Integrating Processes and Culture During Acquisition

Integrating Processes and Culture During Acquisition


During the course of our history, Abrasive Technology acquired over 15 manufacturing companies worldwide, implementing our processes and our culture each and every time. Manufacturing with Heart, Inc. was formed to share our experience in transforming organizations.

Here are three things we know for sure:

Trust is paramount.

You must build trust first. You do this so you can gain consensus around where you’re going, what you’re doing, and why you’re doing it!

“When I buy a company, I think about what it will take for the people in this company to trust each other and the new management team” – Butch Peterman

DWYSYWD (Doing What You Said You Would Do) is the fastest trust generator.

When a new company was acquired, leaders set expectations for new employees about what we were going to do to improve their operation. Facilities were upgraded. Put in new bathrooms and lunchrooms. Installed consistent computer and phone systems. Made sure the right machinery was in place to get the job done. Shared the company’s vision for the company and each associate’s part in the journey. If you don’t DWYSYWD, associates won’t trust you.

A trusted person assumes a level of control for making independent decisions. There can be no autonomy without trust.

Trust is a two-way street. If I trust you, you’re likely to trust me. If I distrust you, then you certainly won’t trust me. So, what is the default? Trust or distrust? This is an important point.

If leadership doesn’t genuinely believe people can be trusted, then no matter how many change initiatives they try, they are doomed to fail.

“For us everyone is trustworthy until proven otherwise” – Tanya Patrella

Many companies believe they have a culture of trust already in place despite their hierarchical structure and rules which undermine real trust. If you are still using rules and surveillance or carrots and sticks to manage associates, then you are wasting energy that could be put to better use!  How many rules versus expectations and support is in your company’s Employee Handbook?

Transparency shows respect.

Transparency is the antidote to the rumor mill. Rumors breed in an atmosphere of secrecy. In our experience, we’ve found that very little information needs to be confidential.

When employees have insights into the business and are involved in the decision-making process, they are more engaged. Engaged work forces “have significantly higher productivity, profitability, and customer ratings, less turnover and absenteeism, and fewer safety incidents than those in the bottom 25%”.*

In our flat process-centered organizational model, the company and its associates benefit from the openness and sharing of information.

As Tanya states in Manufacturing with Heart, A Holistic Approach “we share many metrics with all associates on the performance of the business and processes. Process Engineers use metrics to determine where to improve – it could be bottlenecks, overtime, systemic process problems, training needs, or additional resources needed. Coaches use metrics to work with individuals to match and improve their capabilities to fit the needs of the individuals and their processes.”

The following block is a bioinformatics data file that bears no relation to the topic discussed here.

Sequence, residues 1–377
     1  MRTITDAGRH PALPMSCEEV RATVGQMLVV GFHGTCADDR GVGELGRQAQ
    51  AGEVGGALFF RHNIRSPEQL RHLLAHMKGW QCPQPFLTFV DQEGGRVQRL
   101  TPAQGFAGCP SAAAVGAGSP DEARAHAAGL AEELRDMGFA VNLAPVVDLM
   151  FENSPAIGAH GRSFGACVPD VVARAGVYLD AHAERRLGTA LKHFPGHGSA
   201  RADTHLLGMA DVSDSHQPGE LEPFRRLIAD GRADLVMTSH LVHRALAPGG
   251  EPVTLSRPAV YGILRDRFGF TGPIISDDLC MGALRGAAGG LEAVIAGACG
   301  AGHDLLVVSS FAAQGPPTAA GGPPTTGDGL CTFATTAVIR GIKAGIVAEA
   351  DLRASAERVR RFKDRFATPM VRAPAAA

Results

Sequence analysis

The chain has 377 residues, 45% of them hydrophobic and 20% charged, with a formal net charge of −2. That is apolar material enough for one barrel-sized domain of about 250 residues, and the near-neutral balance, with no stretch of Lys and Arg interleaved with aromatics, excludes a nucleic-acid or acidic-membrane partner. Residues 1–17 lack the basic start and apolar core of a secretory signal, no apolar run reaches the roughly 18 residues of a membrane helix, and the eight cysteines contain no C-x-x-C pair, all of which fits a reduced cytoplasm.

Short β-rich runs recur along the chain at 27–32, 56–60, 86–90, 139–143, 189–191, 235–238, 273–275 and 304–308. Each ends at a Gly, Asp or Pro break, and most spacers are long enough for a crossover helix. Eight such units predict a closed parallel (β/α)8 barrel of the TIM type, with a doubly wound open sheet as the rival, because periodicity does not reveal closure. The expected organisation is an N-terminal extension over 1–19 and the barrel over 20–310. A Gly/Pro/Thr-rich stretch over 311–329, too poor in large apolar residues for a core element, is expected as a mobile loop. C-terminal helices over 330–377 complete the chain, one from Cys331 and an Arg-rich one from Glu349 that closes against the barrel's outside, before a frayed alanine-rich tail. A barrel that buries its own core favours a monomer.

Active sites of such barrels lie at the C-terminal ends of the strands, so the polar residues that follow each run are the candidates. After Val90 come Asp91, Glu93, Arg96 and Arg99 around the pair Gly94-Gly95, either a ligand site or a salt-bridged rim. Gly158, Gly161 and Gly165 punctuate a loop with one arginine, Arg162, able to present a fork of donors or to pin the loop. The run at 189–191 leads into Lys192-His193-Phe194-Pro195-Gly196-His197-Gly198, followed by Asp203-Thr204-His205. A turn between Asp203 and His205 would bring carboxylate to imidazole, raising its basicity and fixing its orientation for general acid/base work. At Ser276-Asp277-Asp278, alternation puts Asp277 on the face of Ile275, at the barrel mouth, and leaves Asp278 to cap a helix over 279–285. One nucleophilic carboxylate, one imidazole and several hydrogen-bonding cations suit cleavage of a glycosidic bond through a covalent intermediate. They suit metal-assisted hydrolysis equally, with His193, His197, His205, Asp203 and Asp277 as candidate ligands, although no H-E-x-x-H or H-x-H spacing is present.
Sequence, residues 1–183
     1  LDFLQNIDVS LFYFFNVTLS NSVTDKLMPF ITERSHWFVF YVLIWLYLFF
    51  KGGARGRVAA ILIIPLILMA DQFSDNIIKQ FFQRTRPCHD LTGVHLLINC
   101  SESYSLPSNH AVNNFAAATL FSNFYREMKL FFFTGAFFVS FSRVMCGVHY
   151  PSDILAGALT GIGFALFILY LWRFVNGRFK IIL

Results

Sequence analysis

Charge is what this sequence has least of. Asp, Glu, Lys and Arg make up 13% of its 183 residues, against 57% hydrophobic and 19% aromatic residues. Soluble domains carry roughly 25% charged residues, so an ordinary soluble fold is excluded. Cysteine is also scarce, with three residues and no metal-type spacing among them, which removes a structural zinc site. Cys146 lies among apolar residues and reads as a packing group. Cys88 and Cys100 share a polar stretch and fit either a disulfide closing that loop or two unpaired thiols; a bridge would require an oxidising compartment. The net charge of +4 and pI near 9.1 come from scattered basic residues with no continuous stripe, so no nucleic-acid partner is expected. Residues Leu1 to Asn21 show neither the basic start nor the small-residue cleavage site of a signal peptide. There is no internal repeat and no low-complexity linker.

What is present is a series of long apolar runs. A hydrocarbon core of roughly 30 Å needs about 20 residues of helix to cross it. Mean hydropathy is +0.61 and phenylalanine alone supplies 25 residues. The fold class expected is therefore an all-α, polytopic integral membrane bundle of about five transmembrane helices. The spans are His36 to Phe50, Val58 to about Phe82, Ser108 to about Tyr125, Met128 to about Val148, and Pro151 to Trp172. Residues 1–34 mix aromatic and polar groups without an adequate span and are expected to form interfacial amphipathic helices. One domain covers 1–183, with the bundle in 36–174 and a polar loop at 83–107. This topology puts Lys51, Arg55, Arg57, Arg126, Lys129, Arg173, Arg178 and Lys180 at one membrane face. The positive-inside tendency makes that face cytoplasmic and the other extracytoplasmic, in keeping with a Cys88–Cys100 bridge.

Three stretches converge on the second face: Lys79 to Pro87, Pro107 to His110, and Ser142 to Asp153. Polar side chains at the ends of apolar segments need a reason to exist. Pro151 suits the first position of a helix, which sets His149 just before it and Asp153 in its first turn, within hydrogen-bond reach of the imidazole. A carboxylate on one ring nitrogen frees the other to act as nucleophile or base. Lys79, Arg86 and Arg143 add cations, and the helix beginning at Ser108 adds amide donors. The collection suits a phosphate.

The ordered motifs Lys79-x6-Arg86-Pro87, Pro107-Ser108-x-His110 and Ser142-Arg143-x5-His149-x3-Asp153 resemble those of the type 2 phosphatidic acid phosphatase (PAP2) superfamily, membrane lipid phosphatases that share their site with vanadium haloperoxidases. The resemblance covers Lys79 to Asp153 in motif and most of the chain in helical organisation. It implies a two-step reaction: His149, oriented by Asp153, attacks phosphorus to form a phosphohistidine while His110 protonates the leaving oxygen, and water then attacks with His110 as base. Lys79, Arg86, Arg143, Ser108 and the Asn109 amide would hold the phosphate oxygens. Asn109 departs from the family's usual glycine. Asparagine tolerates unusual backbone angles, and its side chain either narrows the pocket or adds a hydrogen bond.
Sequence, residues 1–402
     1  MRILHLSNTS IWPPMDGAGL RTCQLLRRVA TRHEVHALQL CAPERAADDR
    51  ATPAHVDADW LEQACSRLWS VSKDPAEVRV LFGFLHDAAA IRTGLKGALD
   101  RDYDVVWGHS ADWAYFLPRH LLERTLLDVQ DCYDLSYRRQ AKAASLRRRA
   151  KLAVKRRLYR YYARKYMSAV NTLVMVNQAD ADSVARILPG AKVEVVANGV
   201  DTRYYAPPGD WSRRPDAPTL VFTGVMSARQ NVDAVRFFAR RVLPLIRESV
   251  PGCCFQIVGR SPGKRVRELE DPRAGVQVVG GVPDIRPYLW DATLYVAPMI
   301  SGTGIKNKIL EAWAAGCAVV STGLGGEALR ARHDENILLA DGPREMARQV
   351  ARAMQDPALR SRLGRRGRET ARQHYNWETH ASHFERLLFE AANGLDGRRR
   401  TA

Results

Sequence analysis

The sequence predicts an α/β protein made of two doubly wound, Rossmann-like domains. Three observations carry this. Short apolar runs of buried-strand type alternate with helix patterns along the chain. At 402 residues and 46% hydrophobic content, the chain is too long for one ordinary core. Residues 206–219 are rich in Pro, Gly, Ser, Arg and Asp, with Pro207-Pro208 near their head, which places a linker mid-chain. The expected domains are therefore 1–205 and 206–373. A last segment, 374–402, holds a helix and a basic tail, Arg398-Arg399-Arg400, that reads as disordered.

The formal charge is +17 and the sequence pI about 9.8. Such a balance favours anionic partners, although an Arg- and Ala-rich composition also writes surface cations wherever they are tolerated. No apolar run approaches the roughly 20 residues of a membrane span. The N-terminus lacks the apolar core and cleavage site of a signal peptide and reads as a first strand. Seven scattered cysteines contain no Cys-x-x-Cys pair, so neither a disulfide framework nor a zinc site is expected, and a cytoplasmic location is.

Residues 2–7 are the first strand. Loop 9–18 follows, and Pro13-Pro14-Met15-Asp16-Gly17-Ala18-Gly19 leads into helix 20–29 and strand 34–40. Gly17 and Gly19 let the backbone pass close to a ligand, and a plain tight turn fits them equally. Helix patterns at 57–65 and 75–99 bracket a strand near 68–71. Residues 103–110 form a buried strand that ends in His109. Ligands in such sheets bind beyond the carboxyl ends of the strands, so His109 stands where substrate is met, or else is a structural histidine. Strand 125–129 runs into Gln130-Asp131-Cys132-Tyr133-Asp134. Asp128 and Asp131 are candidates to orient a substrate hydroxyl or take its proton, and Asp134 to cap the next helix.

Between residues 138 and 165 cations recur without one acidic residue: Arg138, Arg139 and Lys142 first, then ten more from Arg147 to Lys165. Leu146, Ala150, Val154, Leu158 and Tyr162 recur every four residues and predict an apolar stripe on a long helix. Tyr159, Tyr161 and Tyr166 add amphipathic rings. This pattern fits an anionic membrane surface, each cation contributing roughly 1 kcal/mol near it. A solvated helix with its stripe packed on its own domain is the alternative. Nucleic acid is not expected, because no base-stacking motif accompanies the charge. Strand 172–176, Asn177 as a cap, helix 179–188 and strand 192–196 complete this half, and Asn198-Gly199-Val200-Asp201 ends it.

Do your managers engage employees at all levels in decision making?

Perseverance is essential.

Studies have shown how all of us are notoriously bad about predicting the future. So, like it or not, you will encounter surprises during business integrations. Any kind of change is disruptive, so you need to have patience, perseverance and be ready to adapt throughout the process. Establishing trust and showing transparency makes this easier.

However, it’s important to know that you first must allocate resources before you see any benefit. The curve on the graph will go down before it goes up. However, it’s likely to go up a lot when you are successful.

“At Abrasive Technology, when I proposed a flat process-centered organizational structure without titles, three or four of my staff had serious reservations about how well it was going to work.  I was willing to take the short term hit for the long term benefit for our company, associates, customers and suppliers.” – Butch Peterman

“There were times even I wanted Butch to go back, but he stayed the course. Unless someone’s willing to suffer the short-term pain, change will fail. We’re biologically hardwired to want immediate rewards. The mature adult learns to delay gratification, so this is back to the ancient idea of leadership as a practice.” – Tanya Patrella

“The movement is from transactional to transformational changes. Transactional is where you measure everything. You put in rules and regulations. This is the opposite of trust. It’s attempting to control based on what’s happened in the past. The focus is on the short-term fix. A large public company can’t afford the necessary dip before the upside. Investors in public companies demand short-term result which limits the opportunity for transformational changes to those organizations. Transactional measures only kick the can further down the road.” – Butch Peterman

Are you a transactional or transformational leader?

Our Principals have the experience and tools to help you gain Direction, Alignment and Commitment (DAC) with your Leadership team and engage all your employees. If you are ready for Transformational change in your organization, then you can learn more about our model in Manufacturing with Heart, A Holistic Approach, or, you can get started today by giving us a call at (614) 571 – 8586 or completing our Contact Us form.


*Industry Week, November 2014 p.8 Patricia Panchak, Editor in-Chief

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